What we built, I would say, is something in the middle. It is not as grandiose as say Freeport which has a $3 million statue if you walk in. But it is quite an impressive facility. It has the same type of auxiliary police security and it is a very sophisticated storage and control system, and so on. We went this middle way to set this up, and as you mentioned the Singapore government, Singapore IE, rated our facility along with the Singapore Freeport as a world class facility. It is the type of facility which people basically want to, let us say, show off.

Whenever we have people coming to the safe house, they are very impressed by the testing we do because as you might know whatever bullion is coming into the safe house goes through a testing lab. It goes through ultrasound testing, electric conductivity testing and xray as well as density, and only at that point it is going to be stored. When somebody comes we kind of show some them how it works. We give somebody a real coin and a fake coin to kind of show off how these test systems work and so on.

We have gone a long way to address issues which most vaults will not really want to address involving vault risk and vault expertise and so on. In most cases it is not there or they do not see a need to provide.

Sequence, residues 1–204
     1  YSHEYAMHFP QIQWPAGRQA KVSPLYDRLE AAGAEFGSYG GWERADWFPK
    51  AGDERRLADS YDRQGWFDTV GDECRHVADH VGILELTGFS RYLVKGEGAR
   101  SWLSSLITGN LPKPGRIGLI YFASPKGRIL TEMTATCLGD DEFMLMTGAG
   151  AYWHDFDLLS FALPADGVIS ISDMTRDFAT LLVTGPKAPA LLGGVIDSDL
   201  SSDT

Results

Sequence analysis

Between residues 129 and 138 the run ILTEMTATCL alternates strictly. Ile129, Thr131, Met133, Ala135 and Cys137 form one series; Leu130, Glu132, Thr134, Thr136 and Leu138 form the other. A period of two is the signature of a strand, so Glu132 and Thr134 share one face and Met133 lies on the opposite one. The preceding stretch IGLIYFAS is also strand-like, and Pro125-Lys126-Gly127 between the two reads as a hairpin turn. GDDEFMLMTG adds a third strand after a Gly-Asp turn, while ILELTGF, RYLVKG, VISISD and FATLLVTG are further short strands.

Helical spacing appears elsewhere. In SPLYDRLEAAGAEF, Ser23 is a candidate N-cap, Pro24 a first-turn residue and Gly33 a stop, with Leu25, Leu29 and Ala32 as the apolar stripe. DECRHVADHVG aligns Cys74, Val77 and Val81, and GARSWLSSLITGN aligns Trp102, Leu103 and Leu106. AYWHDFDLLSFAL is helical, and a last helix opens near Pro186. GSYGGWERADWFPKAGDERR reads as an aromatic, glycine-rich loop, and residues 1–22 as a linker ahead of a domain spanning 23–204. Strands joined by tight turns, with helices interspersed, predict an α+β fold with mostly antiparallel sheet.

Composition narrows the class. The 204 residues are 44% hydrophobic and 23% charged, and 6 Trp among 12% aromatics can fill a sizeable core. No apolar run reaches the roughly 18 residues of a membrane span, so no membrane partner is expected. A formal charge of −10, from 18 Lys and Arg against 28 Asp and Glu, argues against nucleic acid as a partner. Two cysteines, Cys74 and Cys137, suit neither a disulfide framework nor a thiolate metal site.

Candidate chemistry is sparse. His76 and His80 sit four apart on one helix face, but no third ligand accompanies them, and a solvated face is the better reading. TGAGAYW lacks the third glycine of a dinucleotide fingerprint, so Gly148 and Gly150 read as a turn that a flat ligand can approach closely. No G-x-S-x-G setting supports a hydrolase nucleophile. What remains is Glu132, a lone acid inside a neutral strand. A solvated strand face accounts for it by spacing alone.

CK: Fantastic! Gregor, as you know the gold and silver space has seen renewed interest over the past couple of months. I was asking you before we got on the call since you are at the level of getting orders coming in in terms of the demands that you have seen in the last year particularly in the last couple of months since gold had that big up day, what has demand been like from your perspective?

GG: For us we have seen a very large spike of especially silver demand in the third quarter and early fourth quarter of last year. When silver was hitting the six year lows that was when demand was really spiking. Our demand, to give you an idea, went up by about 300%. We were moving around 6.5 tons per month of silver at the time. Then towards the end of the year things quieted down a little bit. Right now it is picking up again. We see a bit more gold sales now instead of silver, but it is, again, starting to pick up. It is actually a good thing that we had a bit of a pause because it was getting very difficult to get bullion out of North America. A lot of gold bullion supply actually had to come from either Australia or Turkey, from LBMA refinery just because it was getting very, very difficult to get anything out of North America.

CK: Great! Okay, Gregor, the reason that we are bringing you on the show right now to talk is a very novel and new concept that you and your company have developed; it is peer to peer lending with backing by silver bullion in your vault. This is kind of a foreign concept. You first introduced it to me about a year ago at a conference we met for the second time in Mexico and it is starting to catch on now. You launched it, I guess, seven or eight months ago. It has been very successful. Can you give us a basic breakdown of how peer to peer lending with silver backing works?